A variety of people and businesses were using the space – from the Waitaki district and beyond – and they were getting a lot of people coming to them with new ideas for its possible uses.
“We know people will tell us what they like and don’t like, so it’ll evolve to be the perfect Oamaruvian version,” she said.
Business advisor Loren Bennett has a permanent desk at The Business Hive.
She said it was the reason her family was able to live in Oamaru, as she works remotely for Queenstown-based JCCA Chartered Accountants.
It gave her a real separation between work and home, and enabled her to meet other professional and business people and to network in a more natural and effective way.
“With the rise of technology, and the ability to interact in the virtual world, the physical location of myself and the rest of the team is becoming less and less important,” she said.
“We are able to have the same communication with each other, and clients, as you would find in any physical office. I can now hold client meetings, both physical and virtual, from The Business Hive in a much more professional way than working from home.
“As a firm as we are a paperless office … [and] our firm’s focus on sustainability and collaboration works well with what Cara and Alex are trying to achieve.”
Ms Tipping Smith and Mr Regtien see the Business Hive as being one of the many anchors keeping young people in Oamaru.
In New Zealand, about 485,000 people, or 21% of the workforce, were self-employed, and they wanted young people to start seeing business in a rural, small town as an attractive amd viable option.
“If we can give [young people] the jump, so they get a little business savvy . . . then we keep them here,” Ms Tipping Smith said.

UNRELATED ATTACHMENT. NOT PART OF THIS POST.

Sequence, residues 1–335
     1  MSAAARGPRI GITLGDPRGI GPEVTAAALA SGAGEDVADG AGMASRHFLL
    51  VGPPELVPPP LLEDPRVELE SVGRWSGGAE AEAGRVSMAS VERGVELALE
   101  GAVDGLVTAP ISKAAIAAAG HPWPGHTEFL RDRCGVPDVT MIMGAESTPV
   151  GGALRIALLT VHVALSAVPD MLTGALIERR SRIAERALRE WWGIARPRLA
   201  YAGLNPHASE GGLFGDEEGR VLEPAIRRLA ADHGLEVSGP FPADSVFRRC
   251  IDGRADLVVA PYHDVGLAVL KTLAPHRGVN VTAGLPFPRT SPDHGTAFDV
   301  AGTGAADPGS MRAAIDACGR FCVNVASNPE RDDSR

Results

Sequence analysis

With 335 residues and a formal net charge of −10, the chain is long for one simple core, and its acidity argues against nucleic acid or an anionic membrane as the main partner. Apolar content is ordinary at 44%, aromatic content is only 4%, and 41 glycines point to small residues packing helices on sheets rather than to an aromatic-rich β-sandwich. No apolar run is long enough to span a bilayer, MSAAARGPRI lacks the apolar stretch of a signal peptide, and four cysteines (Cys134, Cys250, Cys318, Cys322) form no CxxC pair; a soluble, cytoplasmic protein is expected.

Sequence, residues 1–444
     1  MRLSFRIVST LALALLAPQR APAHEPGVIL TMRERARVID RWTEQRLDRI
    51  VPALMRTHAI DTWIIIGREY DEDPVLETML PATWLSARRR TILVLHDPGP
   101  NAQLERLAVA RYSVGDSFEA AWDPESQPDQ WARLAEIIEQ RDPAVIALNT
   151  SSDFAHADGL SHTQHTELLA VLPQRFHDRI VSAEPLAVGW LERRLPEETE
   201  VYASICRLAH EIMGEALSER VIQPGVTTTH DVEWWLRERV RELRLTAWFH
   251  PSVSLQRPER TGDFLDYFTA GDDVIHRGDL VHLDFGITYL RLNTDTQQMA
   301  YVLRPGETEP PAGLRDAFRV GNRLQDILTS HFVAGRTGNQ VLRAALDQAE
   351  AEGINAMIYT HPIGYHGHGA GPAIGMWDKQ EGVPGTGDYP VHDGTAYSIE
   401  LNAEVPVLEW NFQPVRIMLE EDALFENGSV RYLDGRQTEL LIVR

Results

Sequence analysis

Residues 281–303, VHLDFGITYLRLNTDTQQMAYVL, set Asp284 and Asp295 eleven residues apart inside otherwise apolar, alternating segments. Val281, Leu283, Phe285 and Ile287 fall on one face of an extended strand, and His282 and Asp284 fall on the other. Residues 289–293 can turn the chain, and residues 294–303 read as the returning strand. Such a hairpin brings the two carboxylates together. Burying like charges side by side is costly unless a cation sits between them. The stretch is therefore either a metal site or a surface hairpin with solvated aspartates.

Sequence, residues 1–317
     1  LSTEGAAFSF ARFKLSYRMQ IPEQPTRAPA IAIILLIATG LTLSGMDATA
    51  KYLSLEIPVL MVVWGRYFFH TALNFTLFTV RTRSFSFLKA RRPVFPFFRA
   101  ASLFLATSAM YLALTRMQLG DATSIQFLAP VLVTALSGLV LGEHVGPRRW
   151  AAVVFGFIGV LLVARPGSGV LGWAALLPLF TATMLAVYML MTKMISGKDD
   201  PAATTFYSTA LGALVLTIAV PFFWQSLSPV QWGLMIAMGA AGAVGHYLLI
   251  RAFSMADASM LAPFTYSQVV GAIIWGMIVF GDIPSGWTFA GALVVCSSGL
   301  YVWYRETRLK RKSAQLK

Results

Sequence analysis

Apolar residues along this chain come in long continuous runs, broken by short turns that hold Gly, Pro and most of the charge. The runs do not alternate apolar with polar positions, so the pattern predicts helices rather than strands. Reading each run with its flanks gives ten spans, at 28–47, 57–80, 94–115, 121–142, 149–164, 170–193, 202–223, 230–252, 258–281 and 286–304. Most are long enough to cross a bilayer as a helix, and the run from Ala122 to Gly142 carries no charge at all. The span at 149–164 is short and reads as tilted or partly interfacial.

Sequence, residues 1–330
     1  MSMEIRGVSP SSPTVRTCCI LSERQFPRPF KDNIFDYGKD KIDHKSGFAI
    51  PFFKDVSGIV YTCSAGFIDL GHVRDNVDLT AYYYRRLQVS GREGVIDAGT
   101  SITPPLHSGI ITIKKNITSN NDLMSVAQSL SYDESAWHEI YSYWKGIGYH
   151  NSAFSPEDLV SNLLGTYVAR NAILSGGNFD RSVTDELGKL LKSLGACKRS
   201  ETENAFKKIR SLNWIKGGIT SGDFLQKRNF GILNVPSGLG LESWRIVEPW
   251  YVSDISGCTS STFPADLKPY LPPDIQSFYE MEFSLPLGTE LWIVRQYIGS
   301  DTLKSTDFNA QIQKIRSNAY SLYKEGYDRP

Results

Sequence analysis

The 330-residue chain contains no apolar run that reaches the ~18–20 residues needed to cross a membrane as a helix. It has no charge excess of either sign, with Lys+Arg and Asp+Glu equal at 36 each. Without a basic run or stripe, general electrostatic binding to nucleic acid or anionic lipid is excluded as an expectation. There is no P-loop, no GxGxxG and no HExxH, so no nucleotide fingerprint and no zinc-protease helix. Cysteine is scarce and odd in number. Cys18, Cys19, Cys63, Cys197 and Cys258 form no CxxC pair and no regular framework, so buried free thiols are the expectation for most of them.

“We keep them here as they find their first loves, find their first families and buy their first homes.
“That’s great for all of our community.”
The risk the other way, they said, was losing people to big cities, or to manual labour, leaving Oamaru with an ageing population and a gap in the middle.
In many ways, the biggest challenge for The Business Hive still lies ahead with the need to bring in more tenants to the space without impacting the culture that had been carefully created.
As for privacy, it was definitely a factor they had to carefully manage.
“We’ve curated the space to give people natural cues and options,” Ms Tipping Smith said.
“People modify themselves as to the appropriate level of detail being discussed [and] can move to a quieter part of the building to have a more private conversation.
“This year we’ve reworked our outside space to give people more options for finding a quiet space.”
Coming from Auckland, it had taken them a while to adjust to the Oamaru lifestyle, but they were glad they made the move.
“When I grew up in Auckland, it was a series of little villages, kind of,” Ms Tipping Smith said.
“You knew your neighbours and .. everyone kind of muddled in together, which seemed quite normal.
“Being here, it’s a bit like, in the nicest possible way, being back in time. We know our neighbours by name, we chat to them, we even swap fruit, you know?”